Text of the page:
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Wheaton Wins National Award for Coyote Policy

City’s Communications Department wins national praise for its campaign teaching residents how to peacefully coexist with coyotes.

Wheaton continues to set an example for how communities can successfully address a conflict with nature. Following the adoption of a community coyote policy that was praised by the Humane Society of the United States, the City’s Communications Department has won national praise for its campaign teaching residents how to peacefully coexist with coyotes. 

On Sept. 8, 2011, the City-County Communications and Marketing Association (3CMA) named Wheaton a winner of the Award of Excellence in the Marketing and Tools: Community Issue category in its annual Savvy Competition. 

Wheaton’s “Coexisting with Coyotes” campaign consisted of the City’s Coyote Policy packet, an educational brochure, postcards sent to areas with high numbers of coyote sightings, street signs for areas in which an incident is reported, informational videos, newsletter articles, press releases and a new section on the City’s website. 

“The primary goal in this project was to help residents understand why they are seeing more coyotes in populated areas and how they should react,” said Communications Manager Gary White. “Coyotes are not going away – nor are they something we should fear. It just takes some understanding and cooperation on the community’s part to learn: 1) not to provide food sources that are attracting coyotes, and 2) how to scare away coyotes to teach them where they are not welcome.”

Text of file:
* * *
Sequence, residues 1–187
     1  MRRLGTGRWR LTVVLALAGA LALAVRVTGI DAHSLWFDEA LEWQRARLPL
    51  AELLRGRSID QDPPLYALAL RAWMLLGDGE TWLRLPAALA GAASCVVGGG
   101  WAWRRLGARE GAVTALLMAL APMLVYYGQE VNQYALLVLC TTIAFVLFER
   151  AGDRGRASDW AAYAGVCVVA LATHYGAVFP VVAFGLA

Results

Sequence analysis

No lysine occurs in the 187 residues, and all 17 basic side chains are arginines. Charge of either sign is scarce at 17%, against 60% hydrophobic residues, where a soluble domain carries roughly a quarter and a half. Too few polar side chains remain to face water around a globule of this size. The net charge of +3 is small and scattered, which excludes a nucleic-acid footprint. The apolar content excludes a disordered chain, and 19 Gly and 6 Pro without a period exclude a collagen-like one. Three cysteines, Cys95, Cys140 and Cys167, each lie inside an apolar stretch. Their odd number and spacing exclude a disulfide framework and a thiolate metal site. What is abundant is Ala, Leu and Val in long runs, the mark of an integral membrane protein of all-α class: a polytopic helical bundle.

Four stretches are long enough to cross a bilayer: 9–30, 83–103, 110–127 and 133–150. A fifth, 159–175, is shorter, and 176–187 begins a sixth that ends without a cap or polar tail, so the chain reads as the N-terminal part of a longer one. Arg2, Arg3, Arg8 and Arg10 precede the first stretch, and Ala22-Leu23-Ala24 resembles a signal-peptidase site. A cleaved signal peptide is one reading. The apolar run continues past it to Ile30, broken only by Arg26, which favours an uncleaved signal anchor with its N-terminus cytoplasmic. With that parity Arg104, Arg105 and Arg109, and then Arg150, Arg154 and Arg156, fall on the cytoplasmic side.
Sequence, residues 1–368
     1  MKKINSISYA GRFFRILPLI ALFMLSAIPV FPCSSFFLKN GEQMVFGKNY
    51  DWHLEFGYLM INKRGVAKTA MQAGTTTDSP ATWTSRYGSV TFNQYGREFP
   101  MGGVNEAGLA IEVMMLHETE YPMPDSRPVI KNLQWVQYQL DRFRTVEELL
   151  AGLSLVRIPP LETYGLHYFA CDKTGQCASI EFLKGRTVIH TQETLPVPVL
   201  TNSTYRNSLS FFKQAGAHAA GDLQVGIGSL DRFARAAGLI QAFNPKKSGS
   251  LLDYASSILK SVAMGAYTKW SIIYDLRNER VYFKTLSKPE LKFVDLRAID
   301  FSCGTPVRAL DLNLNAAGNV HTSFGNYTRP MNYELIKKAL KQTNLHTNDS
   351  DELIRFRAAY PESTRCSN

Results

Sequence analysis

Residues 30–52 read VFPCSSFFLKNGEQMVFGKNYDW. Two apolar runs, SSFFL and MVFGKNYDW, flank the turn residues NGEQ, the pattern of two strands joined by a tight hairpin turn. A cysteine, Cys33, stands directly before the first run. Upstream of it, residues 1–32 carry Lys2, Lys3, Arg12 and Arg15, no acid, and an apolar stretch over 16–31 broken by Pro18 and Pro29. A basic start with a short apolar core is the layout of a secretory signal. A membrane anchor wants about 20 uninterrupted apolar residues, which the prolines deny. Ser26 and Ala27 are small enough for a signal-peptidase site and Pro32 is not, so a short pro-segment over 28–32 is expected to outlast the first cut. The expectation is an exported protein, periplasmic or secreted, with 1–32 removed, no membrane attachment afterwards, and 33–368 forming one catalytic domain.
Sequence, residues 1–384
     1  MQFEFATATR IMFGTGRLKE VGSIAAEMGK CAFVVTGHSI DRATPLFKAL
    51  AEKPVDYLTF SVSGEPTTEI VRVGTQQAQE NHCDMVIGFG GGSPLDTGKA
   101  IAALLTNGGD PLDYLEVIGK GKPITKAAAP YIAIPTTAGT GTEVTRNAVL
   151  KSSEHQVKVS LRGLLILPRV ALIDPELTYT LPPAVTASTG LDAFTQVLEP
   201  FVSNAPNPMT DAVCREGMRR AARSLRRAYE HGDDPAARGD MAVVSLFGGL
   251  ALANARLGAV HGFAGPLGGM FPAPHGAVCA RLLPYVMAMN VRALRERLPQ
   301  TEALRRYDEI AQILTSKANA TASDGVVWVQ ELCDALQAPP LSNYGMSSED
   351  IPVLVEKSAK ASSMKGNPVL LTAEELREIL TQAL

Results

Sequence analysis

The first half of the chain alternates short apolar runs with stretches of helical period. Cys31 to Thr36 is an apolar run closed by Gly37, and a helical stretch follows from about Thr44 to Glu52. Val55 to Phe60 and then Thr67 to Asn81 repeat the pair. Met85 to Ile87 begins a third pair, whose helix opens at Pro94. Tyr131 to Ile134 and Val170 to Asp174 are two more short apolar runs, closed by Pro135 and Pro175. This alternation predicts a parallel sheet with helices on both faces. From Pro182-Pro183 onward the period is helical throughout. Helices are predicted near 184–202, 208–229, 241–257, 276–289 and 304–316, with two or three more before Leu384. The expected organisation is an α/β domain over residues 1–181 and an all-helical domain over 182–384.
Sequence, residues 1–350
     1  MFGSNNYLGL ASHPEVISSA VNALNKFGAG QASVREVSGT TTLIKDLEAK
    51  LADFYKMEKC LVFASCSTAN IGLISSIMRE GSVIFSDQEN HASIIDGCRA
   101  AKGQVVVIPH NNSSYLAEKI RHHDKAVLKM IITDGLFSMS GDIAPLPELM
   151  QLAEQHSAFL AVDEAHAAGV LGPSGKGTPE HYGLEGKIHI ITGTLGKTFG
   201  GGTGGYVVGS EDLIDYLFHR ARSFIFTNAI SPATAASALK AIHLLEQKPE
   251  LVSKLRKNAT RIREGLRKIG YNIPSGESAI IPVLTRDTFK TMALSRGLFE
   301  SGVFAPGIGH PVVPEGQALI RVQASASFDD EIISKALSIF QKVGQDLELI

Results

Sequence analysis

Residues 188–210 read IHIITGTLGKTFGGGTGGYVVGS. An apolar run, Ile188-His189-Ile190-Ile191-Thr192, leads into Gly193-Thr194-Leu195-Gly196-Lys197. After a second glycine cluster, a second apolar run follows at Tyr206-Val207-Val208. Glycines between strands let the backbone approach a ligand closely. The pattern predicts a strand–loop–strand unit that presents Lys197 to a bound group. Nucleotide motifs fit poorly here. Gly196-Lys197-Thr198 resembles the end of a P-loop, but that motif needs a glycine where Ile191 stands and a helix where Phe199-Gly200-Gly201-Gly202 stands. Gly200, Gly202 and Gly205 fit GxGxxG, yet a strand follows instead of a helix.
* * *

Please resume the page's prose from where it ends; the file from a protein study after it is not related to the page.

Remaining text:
Savvy Competition judges complimented Wheaton for educating residents with “factual research presented in a stylish, easy-to-read manor,” with “excellent marketing tools used to assist residents, government and the environment.” 

You can view the Coyote Policy, watch the videos the City produced and read information on the City’s website at www.wheaton.il.us/coyote

nancy September 14, 2011 at 12:31 AM
It is unfortunate that those of us who have Wheaton addresses, but live in the unincorporated area, were not afforded the same information from the county.
Anthony C Parla September 14, 2011 at 12:58 AM
Tony To bad the residents had to to fight the "board" or is it "bored" to do anything about the problems with Coyotes. Now they look like heros. Politics at it's best.
G Baley October 08, 2012 at 04:51 PM
Coyotes belong in the wild not in residental areas. They should be trapped and relocated to wilderness areas from from residents.

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